Alternative approaches to teaching athletics

Trainee teachers of physical education were provided with a different perspective and an alternative approach to the teaching and learning of athletic activities.

Activities specifically for indoor teaching focused on running at maximum speed over short distances and running over obstacles. Trainees learnt to teach jumping events using the basic skills of hopping, skipping and bounding.

Throwing events involved throwing balls, quoits, foam javelins, bean bags or hoops with pushing, pulling, slinging and heaving actions. Typically, the teaching and learning of athletics takes place in terms five and six of the academic year (April–July). This can be a time when the weather in the UK can be particularly unpredictable and physical education teachers often have to adapt and modify outdoor lessons for an indoor environment such as a sports hall.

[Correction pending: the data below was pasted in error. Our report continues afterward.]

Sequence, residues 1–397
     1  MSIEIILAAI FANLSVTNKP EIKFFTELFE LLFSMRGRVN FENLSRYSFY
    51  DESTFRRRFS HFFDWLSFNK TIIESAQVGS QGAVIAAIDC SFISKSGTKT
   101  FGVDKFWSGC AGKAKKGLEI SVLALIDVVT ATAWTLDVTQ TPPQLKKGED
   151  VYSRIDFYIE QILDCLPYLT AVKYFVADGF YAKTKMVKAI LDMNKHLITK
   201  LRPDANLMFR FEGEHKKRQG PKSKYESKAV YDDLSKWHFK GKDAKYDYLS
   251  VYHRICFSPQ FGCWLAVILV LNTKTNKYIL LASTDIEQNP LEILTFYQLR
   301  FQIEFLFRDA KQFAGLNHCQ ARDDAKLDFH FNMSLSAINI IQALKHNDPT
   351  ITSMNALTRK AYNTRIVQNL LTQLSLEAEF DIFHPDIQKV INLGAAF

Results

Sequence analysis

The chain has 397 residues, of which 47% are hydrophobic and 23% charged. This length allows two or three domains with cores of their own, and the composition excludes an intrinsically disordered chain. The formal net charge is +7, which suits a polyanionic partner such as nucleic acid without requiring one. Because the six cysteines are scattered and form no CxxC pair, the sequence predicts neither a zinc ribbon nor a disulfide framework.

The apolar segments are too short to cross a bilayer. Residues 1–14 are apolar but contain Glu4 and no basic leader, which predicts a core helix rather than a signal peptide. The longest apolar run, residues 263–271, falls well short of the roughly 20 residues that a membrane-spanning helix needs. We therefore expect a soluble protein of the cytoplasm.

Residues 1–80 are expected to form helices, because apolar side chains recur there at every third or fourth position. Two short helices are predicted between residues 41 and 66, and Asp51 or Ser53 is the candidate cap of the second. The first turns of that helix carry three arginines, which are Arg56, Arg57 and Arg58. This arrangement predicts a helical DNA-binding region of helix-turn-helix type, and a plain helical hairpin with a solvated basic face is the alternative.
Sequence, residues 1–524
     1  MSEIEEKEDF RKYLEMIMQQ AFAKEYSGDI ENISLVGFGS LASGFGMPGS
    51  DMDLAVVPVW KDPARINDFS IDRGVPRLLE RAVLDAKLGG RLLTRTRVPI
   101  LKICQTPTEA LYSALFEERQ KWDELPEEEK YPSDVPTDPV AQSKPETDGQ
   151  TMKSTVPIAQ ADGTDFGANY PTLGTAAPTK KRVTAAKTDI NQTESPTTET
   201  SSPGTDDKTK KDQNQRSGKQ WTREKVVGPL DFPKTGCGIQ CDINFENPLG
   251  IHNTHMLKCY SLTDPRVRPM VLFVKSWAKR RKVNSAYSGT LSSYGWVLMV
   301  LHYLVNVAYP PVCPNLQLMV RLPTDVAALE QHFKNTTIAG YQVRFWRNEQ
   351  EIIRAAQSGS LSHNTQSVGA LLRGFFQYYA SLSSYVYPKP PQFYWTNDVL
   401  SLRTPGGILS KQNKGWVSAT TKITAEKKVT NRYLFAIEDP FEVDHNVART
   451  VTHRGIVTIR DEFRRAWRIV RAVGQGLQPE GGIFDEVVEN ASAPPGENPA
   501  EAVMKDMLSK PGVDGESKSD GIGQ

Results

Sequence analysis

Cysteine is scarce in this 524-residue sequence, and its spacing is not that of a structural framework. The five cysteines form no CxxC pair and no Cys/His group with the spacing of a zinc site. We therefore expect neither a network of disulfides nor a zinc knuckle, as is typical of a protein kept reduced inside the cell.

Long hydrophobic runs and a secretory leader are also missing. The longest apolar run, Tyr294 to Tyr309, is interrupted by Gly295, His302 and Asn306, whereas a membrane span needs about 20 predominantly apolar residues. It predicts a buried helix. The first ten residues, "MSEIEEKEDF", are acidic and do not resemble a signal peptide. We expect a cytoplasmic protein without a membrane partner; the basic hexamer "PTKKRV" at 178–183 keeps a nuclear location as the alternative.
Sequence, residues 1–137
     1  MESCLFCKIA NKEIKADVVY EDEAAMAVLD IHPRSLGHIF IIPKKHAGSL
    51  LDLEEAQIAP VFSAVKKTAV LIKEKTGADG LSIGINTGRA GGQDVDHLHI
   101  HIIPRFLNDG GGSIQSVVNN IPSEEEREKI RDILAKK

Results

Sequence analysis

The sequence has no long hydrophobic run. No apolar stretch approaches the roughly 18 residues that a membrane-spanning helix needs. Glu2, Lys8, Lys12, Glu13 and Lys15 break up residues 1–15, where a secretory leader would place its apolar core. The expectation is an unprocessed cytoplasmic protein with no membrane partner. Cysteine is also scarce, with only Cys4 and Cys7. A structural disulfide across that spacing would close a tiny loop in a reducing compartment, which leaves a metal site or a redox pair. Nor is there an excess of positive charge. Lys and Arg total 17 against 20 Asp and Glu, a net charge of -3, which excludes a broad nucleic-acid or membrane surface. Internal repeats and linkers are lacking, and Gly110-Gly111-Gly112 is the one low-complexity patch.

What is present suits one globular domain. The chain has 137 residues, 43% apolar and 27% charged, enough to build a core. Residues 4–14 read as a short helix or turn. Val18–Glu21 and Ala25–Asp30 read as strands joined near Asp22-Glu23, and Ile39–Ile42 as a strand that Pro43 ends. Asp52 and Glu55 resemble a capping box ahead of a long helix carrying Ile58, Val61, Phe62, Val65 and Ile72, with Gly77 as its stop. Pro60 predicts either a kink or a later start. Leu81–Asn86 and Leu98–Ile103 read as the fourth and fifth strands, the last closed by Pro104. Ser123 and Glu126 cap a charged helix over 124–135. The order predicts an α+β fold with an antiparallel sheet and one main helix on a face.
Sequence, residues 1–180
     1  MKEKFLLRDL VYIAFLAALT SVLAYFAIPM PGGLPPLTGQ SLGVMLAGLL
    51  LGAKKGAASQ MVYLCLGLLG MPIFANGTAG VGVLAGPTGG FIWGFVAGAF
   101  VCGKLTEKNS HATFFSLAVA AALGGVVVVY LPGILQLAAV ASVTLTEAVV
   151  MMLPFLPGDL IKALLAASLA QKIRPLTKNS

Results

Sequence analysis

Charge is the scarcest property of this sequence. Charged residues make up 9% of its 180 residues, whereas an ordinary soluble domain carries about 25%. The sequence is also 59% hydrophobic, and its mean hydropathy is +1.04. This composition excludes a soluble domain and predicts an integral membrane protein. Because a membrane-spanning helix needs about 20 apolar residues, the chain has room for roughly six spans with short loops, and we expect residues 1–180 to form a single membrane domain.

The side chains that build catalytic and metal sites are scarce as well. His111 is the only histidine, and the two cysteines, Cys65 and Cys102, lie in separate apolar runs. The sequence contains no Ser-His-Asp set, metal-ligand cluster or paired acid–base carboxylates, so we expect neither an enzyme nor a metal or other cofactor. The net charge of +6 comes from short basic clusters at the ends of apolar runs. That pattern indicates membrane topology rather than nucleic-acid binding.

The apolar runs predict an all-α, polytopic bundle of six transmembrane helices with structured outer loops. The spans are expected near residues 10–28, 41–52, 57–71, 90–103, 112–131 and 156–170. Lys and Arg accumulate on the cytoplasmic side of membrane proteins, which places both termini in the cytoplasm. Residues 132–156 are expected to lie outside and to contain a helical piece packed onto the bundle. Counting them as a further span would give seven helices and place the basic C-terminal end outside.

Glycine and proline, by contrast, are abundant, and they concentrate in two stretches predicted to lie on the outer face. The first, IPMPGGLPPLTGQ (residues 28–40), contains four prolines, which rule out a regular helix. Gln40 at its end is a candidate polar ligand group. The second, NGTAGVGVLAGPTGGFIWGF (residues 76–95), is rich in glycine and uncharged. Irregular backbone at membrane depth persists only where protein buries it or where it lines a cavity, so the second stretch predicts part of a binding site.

Physical education teachers have to be creative with respect to the physical resources at their disposal and have to design schemes of work ensuring that all pupils are included and have a positive learning experience in track and field athletics.

The activities are designed to help physical education teachers create inclusive, enjoyable and challenging tasks in which pupils can learn in a safe and purposeful environment. These activities take into account the realities of everyday life within physical education departments where there is often limited indoor space, equipment or staff expertise, especially during the months of May, June and July when most indoor teaching space for physical education is occupied by examination desks.

PGCE and School Direct PE route leader Dr Gary Stidder said: “As with any physical education lesson, teachers will have to adapt the activities to suit each individual class according to the age range and ability level of the group.

“The activities presented to trainee teachers of physical education are merely the foundations and scaffolding of an effective athletics lesson. The bricks and mortar are provided by the physical education teacher in each unique setting.”

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